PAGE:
The range of Margaret’s social flexibility is manifest in a small scrap of paper that might represent the earliest surviving record of her catering career. Among the manuscript collections of the South Carolina Historical Society is a receipt created by (or perhaps on behalf of) the well-connected pastry cook. On the 6th of November, 1779, “Margret [sic] Daniel” acknowledged receipt of £21 (South Carolina currency) from one “Mrs. Mott” (perhaps the famous Rebecca Brewton Motte) for the delivery of two dozen “cheese cakes” and three (or perhaps three dozen) “pudding[s].” The entire text of this brief document, including the signature and faulty arithmetic, was written by the same, reasonably competent hand using the standard quill and ink of that day. Without further examples of Margaret’s handwriting, it’s impossible to know if she personally drafted the receipt or relied on the penmanship of an associate or spouse.
Regardless of who signed Margaret Daniel’s name in the autumn of 1779, the receipt demonstrates that she was an established pastry cook in Charleston by the fourth winter of the American Revolution. The patronage of the affluent Motte family suggests that Margaret enjoyed a sterling reputation likely built on several years of consistent service, providing bespoke confections in the quantities required for genteel social gatherings within the city’s finest venues. The nature of this service and the fruits of her kitchen are, in fact, reminiscent of another female pastry cook who preceded Mrs. Daniel. Margaret Nelson (occasionally spelled Neilson), “Pastry-Cook from London,” advertised repeatedly in Charleston from the summer of 1768 until her death in 1772, publishing mouth-watering lists of the cakes, puddings, tarts, and pies she baked for customers on demand. Although Mrs. Nelson’s brief career in South Carolina produced no lasting records of her background or family, it is possible that she had a daughter named Margaret who followed in her culinary footsteps.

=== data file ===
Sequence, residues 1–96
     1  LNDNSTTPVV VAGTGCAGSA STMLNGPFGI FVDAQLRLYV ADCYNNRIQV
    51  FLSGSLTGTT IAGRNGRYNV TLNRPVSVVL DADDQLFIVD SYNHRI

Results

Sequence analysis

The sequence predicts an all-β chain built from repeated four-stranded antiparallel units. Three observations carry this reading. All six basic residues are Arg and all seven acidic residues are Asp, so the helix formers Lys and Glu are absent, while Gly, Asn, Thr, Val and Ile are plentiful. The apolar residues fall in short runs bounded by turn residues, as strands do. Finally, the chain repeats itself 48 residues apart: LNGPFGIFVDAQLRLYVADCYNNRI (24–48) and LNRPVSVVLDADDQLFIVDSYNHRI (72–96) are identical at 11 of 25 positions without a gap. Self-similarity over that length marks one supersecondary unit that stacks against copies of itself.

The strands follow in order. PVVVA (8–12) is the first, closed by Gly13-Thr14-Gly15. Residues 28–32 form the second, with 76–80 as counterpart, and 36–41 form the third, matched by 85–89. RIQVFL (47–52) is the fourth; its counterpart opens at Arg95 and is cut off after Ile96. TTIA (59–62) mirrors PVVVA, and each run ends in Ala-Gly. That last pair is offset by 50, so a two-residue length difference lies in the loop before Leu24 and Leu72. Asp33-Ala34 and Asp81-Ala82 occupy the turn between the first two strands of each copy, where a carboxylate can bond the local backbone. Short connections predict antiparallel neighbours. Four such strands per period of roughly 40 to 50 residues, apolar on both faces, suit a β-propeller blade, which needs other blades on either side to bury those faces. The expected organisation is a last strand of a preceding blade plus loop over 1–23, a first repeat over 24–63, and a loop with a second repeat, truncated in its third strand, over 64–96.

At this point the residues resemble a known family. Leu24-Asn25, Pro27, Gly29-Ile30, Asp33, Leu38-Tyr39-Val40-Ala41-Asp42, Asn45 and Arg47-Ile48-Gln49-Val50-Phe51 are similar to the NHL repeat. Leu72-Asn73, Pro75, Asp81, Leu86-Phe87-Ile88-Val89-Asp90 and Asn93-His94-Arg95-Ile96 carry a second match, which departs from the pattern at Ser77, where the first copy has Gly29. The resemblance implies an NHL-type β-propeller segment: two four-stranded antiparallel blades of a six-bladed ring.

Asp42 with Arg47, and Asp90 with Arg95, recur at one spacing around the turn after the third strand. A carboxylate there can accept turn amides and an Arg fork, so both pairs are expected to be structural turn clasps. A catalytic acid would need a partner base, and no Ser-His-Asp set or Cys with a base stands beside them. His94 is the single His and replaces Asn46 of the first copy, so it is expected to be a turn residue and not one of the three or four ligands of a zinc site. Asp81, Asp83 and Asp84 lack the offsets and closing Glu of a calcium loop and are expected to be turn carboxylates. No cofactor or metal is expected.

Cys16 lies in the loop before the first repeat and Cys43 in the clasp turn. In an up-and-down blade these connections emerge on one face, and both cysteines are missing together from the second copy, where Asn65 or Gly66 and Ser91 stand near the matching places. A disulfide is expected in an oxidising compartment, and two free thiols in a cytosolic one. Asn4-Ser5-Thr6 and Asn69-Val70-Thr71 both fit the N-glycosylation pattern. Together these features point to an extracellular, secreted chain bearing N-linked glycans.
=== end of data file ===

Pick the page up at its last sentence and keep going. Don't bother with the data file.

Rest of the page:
Like many other free persons of color in early Charleston, Margaret Daniel is known to have owned enslaved people during her long career. In July 1790, for example, she purchased a “mulatto girl slave named Abby” from Thomas Jones (1742–1826), who was the intendant (mayor) of Charleston at that moment. Mr. Jones was not the legal owner of Abby, however, but rather the executor of the estate of Susannah Snelling. In her will, drafted less than a month before the sale in question, Miss Snelling directed her “esteemed friend” Thomas Jones to let her slaves choose new masters, as long as the candidates were willing pay “their real value” to Mr. Jones. Abby must have appealed to Margaret Daniel, a businesswoman with whom Abby might have already had a working relationship. Mrs. Daniel paid £40 sterling for the “mulatto girl” Abby, who might have adopted the surname Jones. A few years later, after gaining her own freedom, this Abby might very well have been Abigail Jones, the pastry-baking wife of the mulatto tailor named Jehu Jones (ca. 1769–1833).
Some weeks after Abby joined the Daniel household in Charleston, at an unknown location, agents of the United States government went door-to-door to gather names and statistics for the first Federal Census. The census enumerator for the Parishes of St. Philip and St. Michael (urban Charleston) identified “Free Mrs. Daniel” as the head of a household that included four free, non-white citizens and one enslaved person. While we can confidently identify the latter as Abby, the identity of Margaret’s three free housemates is unknown. They might have been her children, but nothing definite is known about her immediate family.
The location of Mrs. Daniel’s residence in 1790 is unknown, and she might not have owned a kitchen of her own in the aftermath of the American Revolution and her husband’s death. In December of that year, however, we catch a glimpse of her working environment in a brief newspaper notice. To celebrate their corporate anniversary, an elite militia unit called the Charleston Battalion of Artillery summoned its members to gather on December 14th at “Mr. Turner’s long room, (late [the] city tavern)” at the northeast corner of Broad and Church Streets, where they enjoyed a festive “dinner provided by Mrs. Daniel.”